GameStop’s logo screen and trading information are displayed on the floor of the New York Stock Exchange (NYSE) on March 29, 2022.
Brendan McDermid | Reuters
Shares of two Mimi shares rose on Thursday, adding an unexpected wrinkle to a stock market that has been plummeting in choppy trading for more than a month.
GameStop and AMC turned heads early last year when a group of retail investors coordinated deals in online chat rooms to create massive short squeezes in these stocks widely hated by hedge funds and other players. The meteorite rallies caused great pain to many hedge funds and other short sellers involved in these speculative names.
Since then, stocks have retreated from their peak prices, and short sellers are starting to build their positions again. According to FactSet, AMC has a short interest of 19.5%, while GameStop has a short interest of 21.4%.
These big bets against the company can sometimes lead to dramatic one-day moves in the stock, as hedge funds move to close their short positions when the stock goes up, creating more buying pressure. This process is known as short pressing.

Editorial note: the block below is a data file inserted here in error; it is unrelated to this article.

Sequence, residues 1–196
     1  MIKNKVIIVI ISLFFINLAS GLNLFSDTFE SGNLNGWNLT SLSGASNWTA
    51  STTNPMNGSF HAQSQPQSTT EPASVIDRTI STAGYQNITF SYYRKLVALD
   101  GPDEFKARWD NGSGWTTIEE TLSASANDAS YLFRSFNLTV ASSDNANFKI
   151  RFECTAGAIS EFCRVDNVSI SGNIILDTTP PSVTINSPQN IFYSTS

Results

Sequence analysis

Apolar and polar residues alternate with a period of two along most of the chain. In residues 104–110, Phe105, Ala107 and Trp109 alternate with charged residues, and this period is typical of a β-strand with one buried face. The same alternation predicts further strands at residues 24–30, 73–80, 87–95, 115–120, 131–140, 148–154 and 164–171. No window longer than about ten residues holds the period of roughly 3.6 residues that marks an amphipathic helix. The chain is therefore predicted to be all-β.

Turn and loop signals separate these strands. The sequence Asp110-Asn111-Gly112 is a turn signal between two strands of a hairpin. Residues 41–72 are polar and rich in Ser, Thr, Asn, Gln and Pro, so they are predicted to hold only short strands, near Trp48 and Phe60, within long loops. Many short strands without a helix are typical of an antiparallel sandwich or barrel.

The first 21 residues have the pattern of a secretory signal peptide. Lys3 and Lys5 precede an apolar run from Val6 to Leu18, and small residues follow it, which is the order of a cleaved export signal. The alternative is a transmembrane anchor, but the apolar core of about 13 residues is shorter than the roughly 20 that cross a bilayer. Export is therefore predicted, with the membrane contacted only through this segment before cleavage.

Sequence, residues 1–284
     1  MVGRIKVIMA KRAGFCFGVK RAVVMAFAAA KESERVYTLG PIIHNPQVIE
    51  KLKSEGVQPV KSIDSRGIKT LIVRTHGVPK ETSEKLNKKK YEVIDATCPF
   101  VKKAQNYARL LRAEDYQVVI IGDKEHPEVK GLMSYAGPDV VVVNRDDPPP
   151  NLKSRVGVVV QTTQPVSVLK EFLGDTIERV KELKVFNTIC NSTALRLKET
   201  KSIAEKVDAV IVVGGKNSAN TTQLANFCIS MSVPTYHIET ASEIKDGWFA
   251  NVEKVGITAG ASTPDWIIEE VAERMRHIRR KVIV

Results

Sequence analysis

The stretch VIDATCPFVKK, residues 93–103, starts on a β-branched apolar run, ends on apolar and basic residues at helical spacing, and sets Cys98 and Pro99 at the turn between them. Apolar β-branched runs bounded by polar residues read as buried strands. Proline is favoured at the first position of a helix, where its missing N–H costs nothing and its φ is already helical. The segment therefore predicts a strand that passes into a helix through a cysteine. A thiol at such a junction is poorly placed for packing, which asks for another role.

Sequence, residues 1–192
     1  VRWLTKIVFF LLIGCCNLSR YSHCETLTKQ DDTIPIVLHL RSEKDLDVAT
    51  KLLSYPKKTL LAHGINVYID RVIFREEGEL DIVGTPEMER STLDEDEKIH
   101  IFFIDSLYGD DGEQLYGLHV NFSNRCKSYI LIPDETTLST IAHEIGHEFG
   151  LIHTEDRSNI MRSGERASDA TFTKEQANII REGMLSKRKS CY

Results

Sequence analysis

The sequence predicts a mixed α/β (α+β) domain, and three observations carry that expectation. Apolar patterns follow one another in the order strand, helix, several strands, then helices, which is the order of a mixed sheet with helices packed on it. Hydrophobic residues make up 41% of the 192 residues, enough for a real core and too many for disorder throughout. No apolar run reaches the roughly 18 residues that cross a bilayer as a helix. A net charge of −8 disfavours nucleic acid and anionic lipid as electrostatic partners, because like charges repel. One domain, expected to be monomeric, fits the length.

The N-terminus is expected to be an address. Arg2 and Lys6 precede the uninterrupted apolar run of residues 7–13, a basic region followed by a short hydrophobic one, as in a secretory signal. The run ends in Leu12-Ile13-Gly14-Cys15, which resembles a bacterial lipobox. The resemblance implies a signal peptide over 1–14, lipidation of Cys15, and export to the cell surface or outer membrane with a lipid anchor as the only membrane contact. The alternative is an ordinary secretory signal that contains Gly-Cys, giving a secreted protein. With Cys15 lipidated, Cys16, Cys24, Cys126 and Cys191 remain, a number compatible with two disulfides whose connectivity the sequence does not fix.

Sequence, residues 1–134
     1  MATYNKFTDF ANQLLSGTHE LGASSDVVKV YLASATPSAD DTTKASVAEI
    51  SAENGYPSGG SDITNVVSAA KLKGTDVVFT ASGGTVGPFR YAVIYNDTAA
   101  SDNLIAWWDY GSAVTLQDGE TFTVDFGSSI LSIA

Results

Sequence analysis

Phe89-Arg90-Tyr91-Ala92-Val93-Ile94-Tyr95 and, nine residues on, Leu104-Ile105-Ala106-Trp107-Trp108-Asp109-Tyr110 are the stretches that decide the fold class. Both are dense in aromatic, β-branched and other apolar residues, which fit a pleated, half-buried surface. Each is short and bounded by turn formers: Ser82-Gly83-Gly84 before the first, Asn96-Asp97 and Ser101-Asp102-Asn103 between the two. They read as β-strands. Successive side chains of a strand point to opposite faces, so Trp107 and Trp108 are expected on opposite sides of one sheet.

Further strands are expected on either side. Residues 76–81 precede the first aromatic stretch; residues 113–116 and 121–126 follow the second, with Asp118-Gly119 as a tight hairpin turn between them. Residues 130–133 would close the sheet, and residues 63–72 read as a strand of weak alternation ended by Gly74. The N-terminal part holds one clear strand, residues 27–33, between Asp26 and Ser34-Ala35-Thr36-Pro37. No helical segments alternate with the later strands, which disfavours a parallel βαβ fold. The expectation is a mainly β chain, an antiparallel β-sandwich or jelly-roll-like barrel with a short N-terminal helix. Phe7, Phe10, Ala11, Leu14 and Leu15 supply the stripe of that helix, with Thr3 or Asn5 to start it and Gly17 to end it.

Even with Thursday’s big moves, shares remained well below their highs from early 2021. GameStop, which rose to $483 a share on a daily basis last January, was trading between $90 and $100 a share on Thursday.
AMC, which hit $72.62 on the day last June, was at about $12 a share on Thursday.
Since the market capitalization of companies has fallen so much, it is easy for a few commercial stores, or even one large fund, to impose new short squeeze.
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CNBC’s Yun Lee contributed to this report
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